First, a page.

Funny GIFs might be the best I can do here, because whenever I try to put into words how recovery feels, what I come up with sounds either far-out “woo woo” or downright dull. Most of the time, I can’t find words at all.
And come to think of it, it’s actually not too far off-base to think of recovery as one day being a (self-centered, hedonistic) newt, under the influence of a wicked spell, and three years later, being human.
A dirty, Dark Ages kind of human, but human nonetheless. 🤣
If I wanted to present my incredible post-alcoholic journey in simple, tangible, social media-friendly terms, in honor of National Recovery Month, I guess I could post a series of side-by-side photos: “Newt Life” vs “Got Better.”
But I’m not even sure this says “DRAMATIC TRANSFORMATION” to anyone living outside my body. 🤔
I don’t want to tell you I’ve been touched by angels or that I’m some kind of walking miracle, even though it’s hard to explain logically how I emerged, more or less scot-free, from 20 years of escalating alcoholism and all the depraved behaviors that tend to go along with that AND found the strength and support I needed to pursue a different, service-oriented path. I mean, how I got the chance to just start over fresh and build back my life, without stops in jail, rehab or divorce court, when other addicts like me suffer far worse consequences of their choices, I will never fully understand. It’s certainly not because I’m special or I deserved it!
And if I wanted to describe how my life has changed — how “I got better” — since I quit drinking cold turkey back in the summer of 2019, I’d have to pore over the mundane moments and tiny details of daily existence. I’d talk about dishes done and sandwiches made for Hubby, phone calls answered and pleasantries exchanged with loved ones and strangers alike, deep grad school and couples therapy discussions had, maybe some soft breezes felt or even deep breaths taken. I wouldn’t have any glamorous or exciting stories. Like I said, the real changes of recovery aren’t anything you can really post/brag about on Instagram.
Recovery has to be experienced, in all its stillness, slowness and subtleness, all its discomfort, emptiness and longing, all its awe and wonder, all its connectedness — to the universe and to other people — and all its holy-shit “God shot” moments that have nothing to do with religious dogma and everything to do with spiritual freedom.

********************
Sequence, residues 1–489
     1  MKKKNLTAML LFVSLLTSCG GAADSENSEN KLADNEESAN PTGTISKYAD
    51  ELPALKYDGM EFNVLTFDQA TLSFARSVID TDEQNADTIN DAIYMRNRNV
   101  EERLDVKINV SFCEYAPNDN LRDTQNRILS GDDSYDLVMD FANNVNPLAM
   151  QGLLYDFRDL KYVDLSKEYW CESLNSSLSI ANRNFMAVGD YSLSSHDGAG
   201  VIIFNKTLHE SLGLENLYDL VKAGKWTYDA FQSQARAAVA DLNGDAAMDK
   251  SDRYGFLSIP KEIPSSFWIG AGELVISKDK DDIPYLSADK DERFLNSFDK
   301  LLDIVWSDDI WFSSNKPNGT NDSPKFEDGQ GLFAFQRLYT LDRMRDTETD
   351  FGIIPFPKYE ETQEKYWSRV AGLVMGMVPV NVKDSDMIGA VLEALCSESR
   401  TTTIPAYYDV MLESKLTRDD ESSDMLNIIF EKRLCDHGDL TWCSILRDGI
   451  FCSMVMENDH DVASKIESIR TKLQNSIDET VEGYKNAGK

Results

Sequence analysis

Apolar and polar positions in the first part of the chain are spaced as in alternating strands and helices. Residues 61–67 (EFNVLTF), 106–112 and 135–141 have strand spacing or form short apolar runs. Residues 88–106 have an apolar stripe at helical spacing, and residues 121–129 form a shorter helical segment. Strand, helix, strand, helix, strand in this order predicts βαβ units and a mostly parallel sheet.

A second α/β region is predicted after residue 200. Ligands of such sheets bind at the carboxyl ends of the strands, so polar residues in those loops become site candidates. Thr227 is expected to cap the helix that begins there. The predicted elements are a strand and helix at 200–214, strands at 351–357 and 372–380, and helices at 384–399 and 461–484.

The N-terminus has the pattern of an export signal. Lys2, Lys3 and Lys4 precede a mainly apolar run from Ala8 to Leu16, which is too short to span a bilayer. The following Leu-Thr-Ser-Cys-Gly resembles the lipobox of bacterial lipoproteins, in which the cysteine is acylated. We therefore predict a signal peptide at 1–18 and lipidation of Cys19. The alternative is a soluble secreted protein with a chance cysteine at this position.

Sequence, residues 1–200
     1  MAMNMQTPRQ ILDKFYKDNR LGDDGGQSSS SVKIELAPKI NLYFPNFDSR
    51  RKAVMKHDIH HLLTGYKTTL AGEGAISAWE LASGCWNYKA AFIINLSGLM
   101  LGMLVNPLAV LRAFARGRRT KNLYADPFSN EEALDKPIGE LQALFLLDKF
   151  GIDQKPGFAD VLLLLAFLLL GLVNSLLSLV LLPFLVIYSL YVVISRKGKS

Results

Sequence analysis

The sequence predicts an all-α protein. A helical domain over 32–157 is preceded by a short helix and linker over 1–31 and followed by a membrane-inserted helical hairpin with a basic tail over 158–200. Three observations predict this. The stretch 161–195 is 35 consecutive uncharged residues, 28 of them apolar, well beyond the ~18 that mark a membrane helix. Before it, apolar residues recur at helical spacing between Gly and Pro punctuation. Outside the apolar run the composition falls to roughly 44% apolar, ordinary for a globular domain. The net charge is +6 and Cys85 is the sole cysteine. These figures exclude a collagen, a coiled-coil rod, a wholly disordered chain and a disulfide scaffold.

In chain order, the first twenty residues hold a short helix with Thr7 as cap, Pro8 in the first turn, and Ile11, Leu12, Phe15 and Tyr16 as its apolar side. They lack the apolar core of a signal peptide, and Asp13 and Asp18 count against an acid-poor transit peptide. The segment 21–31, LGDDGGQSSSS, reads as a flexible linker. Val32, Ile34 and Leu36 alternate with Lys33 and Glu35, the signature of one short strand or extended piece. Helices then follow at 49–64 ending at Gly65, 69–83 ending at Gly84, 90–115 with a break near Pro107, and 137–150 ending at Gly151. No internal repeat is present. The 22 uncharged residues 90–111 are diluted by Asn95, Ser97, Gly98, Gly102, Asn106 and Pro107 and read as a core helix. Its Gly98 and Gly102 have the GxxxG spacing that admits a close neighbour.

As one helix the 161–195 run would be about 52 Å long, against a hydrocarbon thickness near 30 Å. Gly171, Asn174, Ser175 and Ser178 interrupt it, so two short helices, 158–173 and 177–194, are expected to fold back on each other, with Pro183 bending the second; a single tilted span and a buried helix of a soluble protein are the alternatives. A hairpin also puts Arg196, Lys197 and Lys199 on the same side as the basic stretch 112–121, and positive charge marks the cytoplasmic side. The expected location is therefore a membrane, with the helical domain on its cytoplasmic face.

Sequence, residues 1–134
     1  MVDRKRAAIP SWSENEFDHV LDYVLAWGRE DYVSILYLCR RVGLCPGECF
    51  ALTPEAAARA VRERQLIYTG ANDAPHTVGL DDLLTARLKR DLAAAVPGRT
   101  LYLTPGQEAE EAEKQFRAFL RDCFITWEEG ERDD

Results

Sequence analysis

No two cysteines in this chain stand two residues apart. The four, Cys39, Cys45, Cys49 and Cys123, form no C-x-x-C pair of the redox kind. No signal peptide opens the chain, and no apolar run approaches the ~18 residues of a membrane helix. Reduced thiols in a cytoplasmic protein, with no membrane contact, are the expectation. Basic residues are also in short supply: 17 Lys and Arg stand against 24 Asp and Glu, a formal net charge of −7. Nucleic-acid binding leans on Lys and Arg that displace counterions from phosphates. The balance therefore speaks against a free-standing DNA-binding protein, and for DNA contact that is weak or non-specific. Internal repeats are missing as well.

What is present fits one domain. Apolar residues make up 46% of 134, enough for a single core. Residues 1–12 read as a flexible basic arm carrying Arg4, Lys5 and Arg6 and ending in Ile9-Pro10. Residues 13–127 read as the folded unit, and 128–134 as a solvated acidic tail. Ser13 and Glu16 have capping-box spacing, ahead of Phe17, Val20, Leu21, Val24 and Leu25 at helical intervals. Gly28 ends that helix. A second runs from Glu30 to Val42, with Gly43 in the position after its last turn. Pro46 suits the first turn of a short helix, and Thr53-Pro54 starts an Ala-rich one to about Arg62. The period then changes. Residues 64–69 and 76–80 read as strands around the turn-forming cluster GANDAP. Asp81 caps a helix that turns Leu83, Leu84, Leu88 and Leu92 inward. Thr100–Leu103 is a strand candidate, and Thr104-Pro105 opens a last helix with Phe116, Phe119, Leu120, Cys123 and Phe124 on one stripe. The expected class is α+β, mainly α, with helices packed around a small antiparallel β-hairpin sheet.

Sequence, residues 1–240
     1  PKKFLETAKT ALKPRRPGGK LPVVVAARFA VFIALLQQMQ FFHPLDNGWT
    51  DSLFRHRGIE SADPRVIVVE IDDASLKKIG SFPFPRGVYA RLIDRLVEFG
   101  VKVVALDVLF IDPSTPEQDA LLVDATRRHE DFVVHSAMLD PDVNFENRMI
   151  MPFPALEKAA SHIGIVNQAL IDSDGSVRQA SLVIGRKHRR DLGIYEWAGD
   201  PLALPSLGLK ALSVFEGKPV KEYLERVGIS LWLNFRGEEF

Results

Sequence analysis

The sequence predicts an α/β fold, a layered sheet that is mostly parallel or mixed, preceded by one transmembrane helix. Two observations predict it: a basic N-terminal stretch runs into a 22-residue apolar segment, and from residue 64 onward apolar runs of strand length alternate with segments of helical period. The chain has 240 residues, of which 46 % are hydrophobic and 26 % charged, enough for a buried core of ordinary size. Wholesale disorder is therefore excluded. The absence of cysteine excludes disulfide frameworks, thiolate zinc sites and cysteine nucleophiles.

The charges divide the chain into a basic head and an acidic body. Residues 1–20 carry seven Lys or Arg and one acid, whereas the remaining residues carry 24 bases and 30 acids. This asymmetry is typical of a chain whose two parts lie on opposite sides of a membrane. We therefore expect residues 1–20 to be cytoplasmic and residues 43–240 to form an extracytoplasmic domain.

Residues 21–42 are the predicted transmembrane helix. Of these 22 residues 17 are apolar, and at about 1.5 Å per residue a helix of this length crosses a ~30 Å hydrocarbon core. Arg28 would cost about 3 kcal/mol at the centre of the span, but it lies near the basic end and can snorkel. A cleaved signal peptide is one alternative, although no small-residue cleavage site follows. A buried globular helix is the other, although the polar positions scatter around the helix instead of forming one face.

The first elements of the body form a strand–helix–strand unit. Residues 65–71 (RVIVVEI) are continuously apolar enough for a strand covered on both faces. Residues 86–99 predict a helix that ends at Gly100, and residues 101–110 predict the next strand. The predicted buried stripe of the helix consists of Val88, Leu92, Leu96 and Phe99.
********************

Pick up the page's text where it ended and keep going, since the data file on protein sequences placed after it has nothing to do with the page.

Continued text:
Recovery is being free from the insane quagmire of addiction and all the f^cked-up stuff that active addicts think it’s OK to do. It’s being able to look back, from a safe distance, with clarity and understanding — even compassion and forgiveness — and say, “I don’t have to live like that ever again!” It’s knowing you earned that freedom, by doing the “next right thing” over and over, one day at a time, and yet also knowing you could never have done it alone. It’s feeling, at random times in the course of ordinary days, immense pride and gratitude so strong that you think your heart might explode.
Whew! There. That’s as close as I can get to explaining it.
Since I’m officially out of words, I thought I’d share a few of the most impactful nuggets of recovery-related wisdom I’ve heard from friends/mentors/authors/podcasters over the past 38 months. Maybe some of it will resonate, or scratch you where you happen to itch.
File ALL of it under: Easier said than done…
“It works if you work it.” — I hate to spew 12-step propaganda at you, because I don’t like when it’s done to me…but you don’t have to be a die-hard “Friend of Bill” to grasp this universal truth: Recovery is work — maybe the hardest you’ll ever have to do. It’s not a passive process. Yes, it requires some letting go and having faith, but growth doesn’t just happen to you when you stop using a substance. You make it happen, little by little, each time you choose to act differently, instead of falling back into the same old comfortable rut.